LEOUEL SANTOS v Court of Appeals and Julia Rosario Bedia-Santos

G.R. No. 112019 January 4, 1995

It was in Iloilo City where Leouel, who then held the rank of First Lieutenant in the Philippine Army, first met Julia. The meeting later proved to be an eventful day for Leouel and Julia. On 20 September 1986, the two exchanged vows before Municipal Trial Court Judge Cornelio G. Lazaro of Iloilo City, followed, shortly thereafter, by a church wedding. Leouel and Julia lived with the latter’s parents at the J. Bedia Compound, La Paz, Iloilo City. On 18 July 1987, Julia gave birth to a baby boy, and he was christened Leouel Santos, Jr. The ecstasy, however, did not last long. It was bound to happen, Leouel averred, because of the frequent interference by Julia’s parents into the young spouses family affairs. Occasionally, the couple would also start a “quarrel” over a number of other things, like when and where the couple should start living independently from Julia’s parents or whenever Julia would express resentment on Leouel’s spending a few days with his own parents.

On 18 May 1988, Julia finally left for the United Sates of America to work as a nurse despite Leouel’s pleas to so dissuade her. Seven months after her departure, or on 01 January 1989, Julia called up Leouel for the first time by long distance telephone. She promised to return home upon the expiration of her contract in July 1989. She never did. When Leouel got a chance to visit the United States, where he underwent a training program under the auspices of the Armed Forces of the Philippines from 01 April up to 25 August 1990, he desperately tried to locate, or to somehow get in touch with, Julia but all his efforts were of no avail.

Having failed to get Julia to somehow come home, Leouel filed with the regional trial Court of Negros Oriental, Branch 30, a complaint for “Voiding of marriage Under Article 36 of the Family Code” (docketed, Civil Case No. 9814).

On 31 May 1991, respondent Julia, in her answer (through counsel), opposed the complaint and denied its allegations, claiming, in main, that it was the petitioner who had, in fact, been irresponsible and incompetent.

A possible collusion between the parties to obtain a decree of nullity of their marriage was ruled out by the Office of the Provincial Prosecutor (in its report to the court).

On 06 November 1991, the court a quo finally dismissed the complaint for lack of merit. 

Leouel appealed to the Court of Appeal. The latter affirmed the decision of the trial court. 

The petition should be denied not only because of its non-compliance with Circular 28-91, which requires a certification of non-shopping, but also for its lack of merit.

Leouel argues that the failure of Julia to return home, or at the very least to communicate with him, for more than five years are circumstances that clearly show her being psychologically incapacitated to enter into married life.


ISSUE: Whether or not psychological incapacity is attendant to the case at bar.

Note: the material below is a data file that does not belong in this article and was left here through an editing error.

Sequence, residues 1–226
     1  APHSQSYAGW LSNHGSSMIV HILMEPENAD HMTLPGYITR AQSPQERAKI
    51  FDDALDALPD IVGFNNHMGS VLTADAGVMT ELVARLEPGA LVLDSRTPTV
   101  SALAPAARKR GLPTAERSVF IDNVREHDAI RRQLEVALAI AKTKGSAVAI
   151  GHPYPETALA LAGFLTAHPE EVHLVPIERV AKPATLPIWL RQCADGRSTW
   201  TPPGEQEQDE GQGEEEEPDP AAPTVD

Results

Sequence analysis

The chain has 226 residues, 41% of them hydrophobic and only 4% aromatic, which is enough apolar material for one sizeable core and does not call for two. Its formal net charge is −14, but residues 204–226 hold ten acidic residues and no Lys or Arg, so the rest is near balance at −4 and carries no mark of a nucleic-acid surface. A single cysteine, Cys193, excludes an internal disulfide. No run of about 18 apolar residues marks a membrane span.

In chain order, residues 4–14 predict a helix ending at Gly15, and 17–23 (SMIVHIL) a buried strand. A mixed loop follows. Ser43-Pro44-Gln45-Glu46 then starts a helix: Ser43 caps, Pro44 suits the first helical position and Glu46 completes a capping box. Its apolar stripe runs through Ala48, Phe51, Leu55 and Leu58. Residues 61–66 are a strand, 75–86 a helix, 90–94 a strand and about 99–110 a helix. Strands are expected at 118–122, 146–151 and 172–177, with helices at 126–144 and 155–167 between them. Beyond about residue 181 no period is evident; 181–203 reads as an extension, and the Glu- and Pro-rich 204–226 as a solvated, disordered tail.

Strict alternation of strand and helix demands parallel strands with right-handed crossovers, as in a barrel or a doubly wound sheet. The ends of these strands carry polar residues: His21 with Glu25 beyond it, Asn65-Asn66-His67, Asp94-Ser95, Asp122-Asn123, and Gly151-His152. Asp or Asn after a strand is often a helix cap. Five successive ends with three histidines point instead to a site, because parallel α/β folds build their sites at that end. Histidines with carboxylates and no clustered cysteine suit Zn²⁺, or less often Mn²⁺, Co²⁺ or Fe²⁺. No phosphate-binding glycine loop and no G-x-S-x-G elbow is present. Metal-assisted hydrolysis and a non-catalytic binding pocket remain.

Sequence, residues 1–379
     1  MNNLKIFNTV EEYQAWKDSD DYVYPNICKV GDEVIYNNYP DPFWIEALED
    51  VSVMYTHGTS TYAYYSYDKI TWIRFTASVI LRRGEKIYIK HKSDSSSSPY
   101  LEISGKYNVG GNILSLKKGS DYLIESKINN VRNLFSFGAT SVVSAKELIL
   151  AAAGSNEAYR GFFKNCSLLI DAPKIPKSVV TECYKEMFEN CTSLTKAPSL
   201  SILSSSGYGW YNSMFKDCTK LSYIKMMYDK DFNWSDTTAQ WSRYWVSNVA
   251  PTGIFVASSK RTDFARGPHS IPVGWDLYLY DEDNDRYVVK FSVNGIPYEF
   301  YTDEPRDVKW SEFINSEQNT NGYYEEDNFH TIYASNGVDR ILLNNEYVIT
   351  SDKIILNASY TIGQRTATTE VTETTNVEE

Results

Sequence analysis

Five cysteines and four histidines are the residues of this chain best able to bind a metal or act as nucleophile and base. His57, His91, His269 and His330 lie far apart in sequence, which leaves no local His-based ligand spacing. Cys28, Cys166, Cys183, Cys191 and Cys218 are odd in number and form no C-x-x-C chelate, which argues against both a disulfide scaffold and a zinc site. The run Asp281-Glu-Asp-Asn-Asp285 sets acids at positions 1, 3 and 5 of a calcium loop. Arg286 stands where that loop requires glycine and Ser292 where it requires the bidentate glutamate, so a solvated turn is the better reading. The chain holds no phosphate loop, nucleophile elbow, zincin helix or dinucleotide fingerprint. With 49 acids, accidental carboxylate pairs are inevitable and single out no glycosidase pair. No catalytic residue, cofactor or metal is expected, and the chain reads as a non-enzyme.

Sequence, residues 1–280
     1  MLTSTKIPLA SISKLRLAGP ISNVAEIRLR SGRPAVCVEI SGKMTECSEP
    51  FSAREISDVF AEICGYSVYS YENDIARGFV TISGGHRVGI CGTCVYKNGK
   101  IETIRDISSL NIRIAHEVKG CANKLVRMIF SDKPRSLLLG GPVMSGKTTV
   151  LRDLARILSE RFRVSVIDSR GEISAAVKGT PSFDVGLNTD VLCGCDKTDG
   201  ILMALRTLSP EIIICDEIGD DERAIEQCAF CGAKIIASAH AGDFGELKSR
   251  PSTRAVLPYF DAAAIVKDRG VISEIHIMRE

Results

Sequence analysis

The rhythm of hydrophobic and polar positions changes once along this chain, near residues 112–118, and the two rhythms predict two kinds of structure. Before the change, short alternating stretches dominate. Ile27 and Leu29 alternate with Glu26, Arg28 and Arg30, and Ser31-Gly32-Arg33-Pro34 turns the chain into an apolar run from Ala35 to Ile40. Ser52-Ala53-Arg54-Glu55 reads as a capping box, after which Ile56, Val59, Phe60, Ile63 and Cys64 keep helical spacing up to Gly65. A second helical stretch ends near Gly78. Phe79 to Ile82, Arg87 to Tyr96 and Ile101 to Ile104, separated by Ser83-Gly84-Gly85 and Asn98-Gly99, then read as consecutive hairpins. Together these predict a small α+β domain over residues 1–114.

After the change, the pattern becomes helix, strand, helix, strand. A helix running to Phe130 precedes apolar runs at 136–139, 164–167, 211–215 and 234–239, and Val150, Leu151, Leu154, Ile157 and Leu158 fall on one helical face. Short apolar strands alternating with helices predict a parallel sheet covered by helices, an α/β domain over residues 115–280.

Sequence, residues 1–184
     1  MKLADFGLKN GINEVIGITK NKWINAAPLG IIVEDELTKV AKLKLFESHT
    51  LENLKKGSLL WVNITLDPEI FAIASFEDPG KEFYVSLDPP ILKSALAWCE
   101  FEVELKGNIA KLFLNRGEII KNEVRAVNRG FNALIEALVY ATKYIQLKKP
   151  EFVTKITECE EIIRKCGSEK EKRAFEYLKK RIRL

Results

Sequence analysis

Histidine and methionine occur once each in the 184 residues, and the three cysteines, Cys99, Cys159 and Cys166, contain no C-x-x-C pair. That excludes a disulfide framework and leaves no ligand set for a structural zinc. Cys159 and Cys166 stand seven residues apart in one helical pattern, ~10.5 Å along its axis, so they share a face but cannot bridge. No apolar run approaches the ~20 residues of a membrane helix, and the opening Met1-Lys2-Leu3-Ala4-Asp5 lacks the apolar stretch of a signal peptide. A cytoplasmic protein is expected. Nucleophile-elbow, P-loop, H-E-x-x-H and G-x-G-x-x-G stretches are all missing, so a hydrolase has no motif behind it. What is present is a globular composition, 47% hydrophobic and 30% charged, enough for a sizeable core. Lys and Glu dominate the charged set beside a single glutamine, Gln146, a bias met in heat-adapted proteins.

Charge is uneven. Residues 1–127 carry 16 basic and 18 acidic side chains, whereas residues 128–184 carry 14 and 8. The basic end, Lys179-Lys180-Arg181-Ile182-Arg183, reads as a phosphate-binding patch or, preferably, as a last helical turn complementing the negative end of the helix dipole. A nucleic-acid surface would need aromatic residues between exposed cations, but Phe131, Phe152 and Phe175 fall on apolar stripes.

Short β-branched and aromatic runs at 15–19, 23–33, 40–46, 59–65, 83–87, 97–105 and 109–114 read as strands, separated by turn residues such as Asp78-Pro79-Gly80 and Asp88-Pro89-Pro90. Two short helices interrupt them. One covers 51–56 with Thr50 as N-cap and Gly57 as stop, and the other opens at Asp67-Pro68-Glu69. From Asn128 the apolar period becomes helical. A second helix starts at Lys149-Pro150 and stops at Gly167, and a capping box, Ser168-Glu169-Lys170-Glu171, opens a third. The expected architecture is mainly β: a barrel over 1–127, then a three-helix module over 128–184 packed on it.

HELD: Before deciding on the case, the SC noted that the Family Code did not define the term “psychological incapacity”, which is adopted from the Catholic Canon Law. But basing it on the deliberations of the Family Code Revision Committee, the provision in PI, adopted with less specificity than expected, has been designed to allow some resiliency in its application. The FCRC did not give any examples of PI for fear that the giving of examples would limit the applicability of the provision under the principle of ejusdem generis. Rather, the FCRC would like the judge to interpret the provision on a case-to-case basis, guided by experience, the findings of experts and researchers in psychological disciplines, and by decisions of church tribunals which, although not binding on the civil courts, may be given persuasive effect since the provision was taken from Canon Law. The term “psychological incapacity” defies any precise definition since psychological causes can be of an infinite variety.

Article 36 of the Family Code cannot be taken and construed independently of but must stand in conjunction with, existing precepts in our law on marriage. PI should refer to no less than a mental (not physical) incapacity that causes a party to be truly incognitive of the basic marital covenants that concomitantly must be assumed and discharged by the parties to the marriage which (Art. 68), include their mutual obligations to live together, observe love, respect and fidelity and render help and support. The intendment of the law has been to confine the meaning of PI to the most serious cases of personality disorders clearly demonstrative of an utter insensitivity or inability to give meaning and significance to the marriage. This psychological condition must exist at the time the marriage is celebrated.

The law does not evidently envision an inability of the spouse to have sexual relations with the other.  This conclusion is implicit under Article 54 of the Family Code which considers children conceived prior to the judicial declaration of nullity of the void marriage to be legitimate.

The well-considered opinions of psychiatrists, psychologists and persons with expertise in psychological disciplines might be helpful or even desirable in establishing the parameters of psychological incapacity.

Marriage is not just and adventure but a lifetime commitment. We should continue to be reminded that innate in our society, then enshrined in the Civil Code, and even now still indelible in Section 1 of the Family Code…the Constitution is no less emphatic.

In the case at bar, although Leouel stands aggrieved, his petition must be dismissed because the alleged PI of his wife is not clearly shown by the factual settings presented. The factual settings do not come close to to the standard required to decree a nullity of marriage.


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